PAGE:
may not be cited except as provided by
Minn. Stat. § 480A.08, subd. 3 (1996).
STATE OF MINNESOTA
IN COURT OF APPEALS
In the Matter of the Welfare of: J.G.K.
John M. Stuart, State Public Defender, Charlann E. Winking, Assistant State Public Defender, 2829 University Avenue, S.E., Suite 600, Minneapolis, MN 55414 (for appellant)
Hubert H. Humphrey, III, State Attorney General, 1400 NCL Tower, 445 Minnesota Street, St. Paul, MN 55101, and
Jeffrey Edblad, Isanti County Attorney, John H. Alme, Assistant County Attorney, 555 - 18th Avenue, S.W., Cambridge, MN 55008 (for respondent)
Considered and decided by Kalitowski, Presiding Judge, Short, Judge, and Peterson, Judge.
A trial court found J.G.K. guilty of second-degree felony assault in violation of Minn. Stat. § 609.222, subd. 1 (1996), and fifth-degree misdemeanor assault in violation of Minn. Stat. § 609.224, subd. 1 (1996), and adjudged her delinquent. On appeal, J.G.K. argues the evidence was insufficient to support her adjudication because the state failed to prove beyond a reasonable doubt that J.G.K. was not acting in self-defense. We affirm.
D E C I S I O N
When a juvenile challenges a delinquency adjudication on the basis of insufficient evidence, we (1) do not retry the facts, but (2) view the evidence in the light most favorable to the trial court's decision, and (3) assume the trial court believed the state's witnesses and disbelieved any evidence to the contrary. See In re Welfare of J.G.B., 473 N.W.2d 342, 345 (Minn. App. 1991) (quoting State v. Merill, 274 N.W.2d 99, 111 (Minn. 1978), and applying this rule to delinquency adjudication); see also State v. Atkins, 543 N.W.2d 642, 646 (Minn. 1996) (applying this standard to criminal action). Viewing the record from this perspective, we must affirm if the finder of fact could reasonably conclude the juvenile was guilty of the offense charged. J.G.B., 473 N.W.2d at 344-45 (quoting Merrill, 274 N.W.2d at 111).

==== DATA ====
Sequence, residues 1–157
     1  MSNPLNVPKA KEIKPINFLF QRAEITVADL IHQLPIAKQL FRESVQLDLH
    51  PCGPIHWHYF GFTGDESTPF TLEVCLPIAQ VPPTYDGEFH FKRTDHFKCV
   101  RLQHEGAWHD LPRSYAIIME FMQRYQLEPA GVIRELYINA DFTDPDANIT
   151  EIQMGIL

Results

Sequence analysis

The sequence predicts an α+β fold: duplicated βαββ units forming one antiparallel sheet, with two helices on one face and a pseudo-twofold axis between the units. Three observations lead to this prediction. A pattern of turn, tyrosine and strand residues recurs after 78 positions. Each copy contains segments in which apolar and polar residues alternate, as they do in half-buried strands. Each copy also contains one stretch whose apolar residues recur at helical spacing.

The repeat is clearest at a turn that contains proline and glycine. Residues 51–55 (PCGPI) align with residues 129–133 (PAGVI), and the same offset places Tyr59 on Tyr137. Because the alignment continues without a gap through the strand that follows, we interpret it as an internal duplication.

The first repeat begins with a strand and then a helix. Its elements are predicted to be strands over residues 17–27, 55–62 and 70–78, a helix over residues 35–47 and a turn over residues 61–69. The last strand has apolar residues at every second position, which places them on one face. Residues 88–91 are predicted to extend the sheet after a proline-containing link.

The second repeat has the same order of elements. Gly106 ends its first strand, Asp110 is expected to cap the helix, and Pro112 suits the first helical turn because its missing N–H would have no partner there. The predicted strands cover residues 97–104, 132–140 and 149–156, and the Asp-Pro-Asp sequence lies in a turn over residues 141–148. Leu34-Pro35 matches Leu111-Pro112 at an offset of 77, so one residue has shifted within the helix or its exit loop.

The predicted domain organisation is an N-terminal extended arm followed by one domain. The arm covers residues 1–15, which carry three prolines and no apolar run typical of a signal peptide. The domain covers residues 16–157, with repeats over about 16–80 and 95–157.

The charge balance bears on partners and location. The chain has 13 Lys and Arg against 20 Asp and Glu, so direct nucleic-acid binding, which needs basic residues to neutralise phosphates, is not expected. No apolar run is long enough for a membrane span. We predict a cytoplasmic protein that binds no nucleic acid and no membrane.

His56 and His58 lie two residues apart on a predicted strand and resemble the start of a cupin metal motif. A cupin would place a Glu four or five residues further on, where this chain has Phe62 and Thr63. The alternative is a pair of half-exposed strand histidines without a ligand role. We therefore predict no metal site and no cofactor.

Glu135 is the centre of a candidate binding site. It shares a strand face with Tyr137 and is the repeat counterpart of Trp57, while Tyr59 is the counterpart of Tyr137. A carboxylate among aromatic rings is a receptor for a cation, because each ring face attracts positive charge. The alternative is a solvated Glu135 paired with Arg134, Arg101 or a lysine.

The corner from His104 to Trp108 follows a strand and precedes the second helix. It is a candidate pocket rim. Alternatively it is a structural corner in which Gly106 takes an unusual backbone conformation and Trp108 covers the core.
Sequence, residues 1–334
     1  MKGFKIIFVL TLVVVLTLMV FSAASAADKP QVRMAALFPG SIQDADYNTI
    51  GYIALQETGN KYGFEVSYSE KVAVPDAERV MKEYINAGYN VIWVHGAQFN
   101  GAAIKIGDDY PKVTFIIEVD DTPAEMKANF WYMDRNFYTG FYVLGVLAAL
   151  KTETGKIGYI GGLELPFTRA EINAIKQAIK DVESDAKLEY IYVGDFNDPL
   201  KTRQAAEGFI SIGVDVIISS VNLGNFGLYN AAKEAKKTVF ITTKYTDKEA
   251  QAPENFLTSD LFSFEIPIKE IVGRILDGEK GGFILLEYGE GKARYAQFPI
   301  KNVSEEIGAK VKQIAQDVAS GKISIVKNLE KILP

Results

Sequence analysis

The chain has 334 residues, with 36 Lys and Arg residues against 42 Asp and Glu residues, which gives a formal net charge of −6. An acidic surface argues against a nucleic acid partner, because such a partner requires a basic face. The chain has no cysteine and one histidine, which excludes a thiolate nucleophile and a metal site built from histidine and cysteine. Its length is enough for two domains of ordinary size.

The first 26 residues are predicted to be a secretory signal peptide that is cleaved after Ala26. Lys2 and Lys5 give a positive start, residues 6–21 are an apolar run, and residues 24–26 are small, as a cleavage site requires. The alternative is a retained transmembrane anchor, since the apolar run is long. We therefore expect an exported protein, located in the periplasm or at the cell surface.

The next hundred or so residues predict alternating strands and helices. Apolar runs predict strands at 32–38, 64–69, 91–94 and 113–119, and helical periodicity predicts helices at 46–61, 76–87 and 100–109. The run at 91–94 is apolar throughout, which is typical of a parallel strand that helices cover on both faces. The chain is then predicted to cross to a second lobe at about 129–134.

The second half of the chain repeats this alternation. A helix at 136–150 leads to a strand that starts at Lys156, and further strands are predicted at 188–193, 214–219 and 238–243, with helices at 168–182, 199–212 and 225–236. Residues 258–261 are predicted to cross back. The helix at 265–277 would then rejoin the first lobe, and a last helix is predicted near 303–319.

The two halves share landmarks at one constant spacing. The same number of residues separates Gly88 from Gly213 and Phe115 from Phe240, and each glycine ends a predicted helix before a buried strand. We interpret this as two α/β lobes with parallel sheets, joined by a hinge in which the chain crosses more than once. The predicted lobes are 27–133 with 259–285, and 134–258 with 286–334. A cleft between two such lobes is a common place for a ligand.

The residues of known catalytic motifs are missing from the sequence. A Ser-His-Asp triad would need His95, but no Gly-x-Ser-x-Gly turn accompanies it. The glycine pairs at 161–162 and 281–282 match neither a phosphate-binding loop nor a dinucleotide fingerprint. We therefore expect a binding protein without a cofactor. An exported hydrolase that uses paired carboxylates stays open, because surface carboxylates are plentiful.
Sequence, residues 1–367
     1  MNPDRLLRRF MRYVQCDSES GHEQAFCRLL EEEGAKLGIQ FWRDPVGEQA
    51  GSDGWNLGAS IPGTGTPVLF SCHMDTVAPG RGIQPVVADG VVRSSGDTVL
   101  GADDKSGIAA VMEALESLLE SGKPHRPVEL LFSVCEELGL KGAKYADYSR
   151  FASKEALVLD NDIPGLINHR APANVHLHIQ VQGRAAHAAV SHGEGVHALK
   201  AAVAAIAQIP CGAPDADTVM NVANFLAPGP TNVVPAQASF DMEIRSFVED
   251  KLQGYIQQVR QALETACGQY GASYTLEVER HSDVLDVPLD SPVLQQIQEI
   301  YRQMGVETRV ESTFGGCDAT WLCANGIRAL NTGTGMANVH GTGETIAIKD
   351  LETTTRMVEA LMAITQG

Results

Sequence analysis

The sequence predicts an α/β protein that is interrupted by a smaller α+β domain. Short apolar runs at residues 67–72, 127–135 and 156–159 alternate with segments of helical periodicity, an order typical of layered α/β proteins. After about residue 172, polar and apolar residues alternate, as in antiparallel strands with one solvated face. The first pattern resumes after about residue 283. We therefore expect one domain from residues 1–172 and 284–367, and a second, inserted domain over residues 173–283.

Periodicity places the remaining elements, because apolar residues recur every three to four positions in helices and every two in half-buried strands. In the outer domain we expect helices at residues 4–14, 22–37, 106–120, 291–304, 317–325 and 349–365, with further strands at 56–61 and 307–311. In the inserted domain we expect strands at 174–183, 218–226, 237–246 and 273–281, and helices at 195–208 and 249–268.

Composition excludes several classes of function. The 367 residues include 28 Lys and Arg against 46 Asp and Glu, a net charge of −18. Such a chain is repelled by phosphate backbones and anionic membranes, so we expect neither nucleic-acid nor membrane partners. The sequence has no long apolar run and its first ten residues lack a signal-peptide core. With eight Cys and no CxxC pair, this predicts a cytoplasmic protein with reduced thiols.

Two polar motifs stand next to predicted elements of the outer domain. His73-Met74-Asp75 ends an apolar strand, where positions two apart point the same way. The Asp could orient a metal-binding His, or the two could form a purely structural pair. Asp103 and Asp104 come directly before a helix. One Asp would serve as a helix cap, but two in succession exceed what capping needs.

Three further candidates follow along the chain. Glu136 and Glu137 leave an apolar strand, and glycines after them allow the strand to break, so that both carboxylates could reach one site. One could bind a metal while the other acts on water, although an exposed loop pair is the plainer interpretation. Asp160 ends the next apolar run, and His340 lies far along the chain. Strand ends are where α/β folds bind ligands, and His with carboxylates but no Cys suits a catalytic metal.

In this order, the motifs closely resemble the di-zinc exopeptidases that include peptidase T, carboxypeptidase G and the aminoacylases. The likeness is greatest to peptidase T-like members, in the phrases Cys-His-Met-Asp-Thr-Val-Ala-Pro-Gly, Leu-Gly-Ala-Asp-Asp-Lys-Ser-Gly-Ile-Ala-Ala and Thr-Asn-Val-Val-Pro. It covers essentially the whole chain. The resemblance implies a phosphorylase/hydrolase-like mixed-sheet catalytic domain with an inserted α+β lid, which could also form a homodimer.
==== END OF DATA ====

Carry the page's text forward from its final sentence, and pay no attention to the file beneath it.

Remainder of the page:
J.G.K. argues the evidence was insufficient as a matter of law to support her adjudication because the state failed to prove beyond a reasonable doubt that J.G.K. was not acting in self-defense. See Minn. Stat. § 609.06, subd. 1 (1996) (authorizing use of reasonable force in resisting an offense against person); State v. Housley, 322 N.W.2d 746, 750 (Minn. 1982) (concluding state must prove beyond reasonable doubt that defendant used unjustifiable force). We disagree. At trial, witnesses testified: (1) J.G.K. decided to go to the victim's home to "end it"; (2) J.G.K. and a friend arrived at the victim's home carrying mace and a "billy club"; (3) J.G.K and her friend told the victim to "get up and fight"; (4) J.G.K. and her friend waited for the victim outside his bedroom; (5) as the victim walked out of his room, he was sprayed with mace; (6) J.G.K. hit the victim in the head with the "billy club"; (7) after the incident, the victim had mace on his face, large bumps on his head, and a fat lip; and (8) J.G.K. had no visible injuries.
Viewing the evidence in the light most favorable to the trial court's decision and assuming the trial court believed the state's witnesses and disbelieved any evidence to the contrary, the evidence is sufficient to establish J.G.K. was not acting in self-defense when she assaulted Gruber. See Bellcourt v. State, 390 N.W.2d 269, 272 (Minn. 1986) (holding an aggressor in an incident can only claim self-defense when he or she actually and in good faith withdraws from the conflict and communicates that withdrawal, expressly or impliedly, to his or her intended victim); State v. Mings, 289 N.W.2d 497, 497-98 (Minn. 1980) (holding conviction for assault with dangerous weapon was proper when defendant kicked victim around head and chest with his cowboy boots); State v. Nordstrum, 385 N.W.2d 348, 351 (Minn. App. 1986) (holding
conviction for fifth-degree assault proper when there was evidence indicating bruises on child's face were intentionally inflicted and defendant inflicted injury).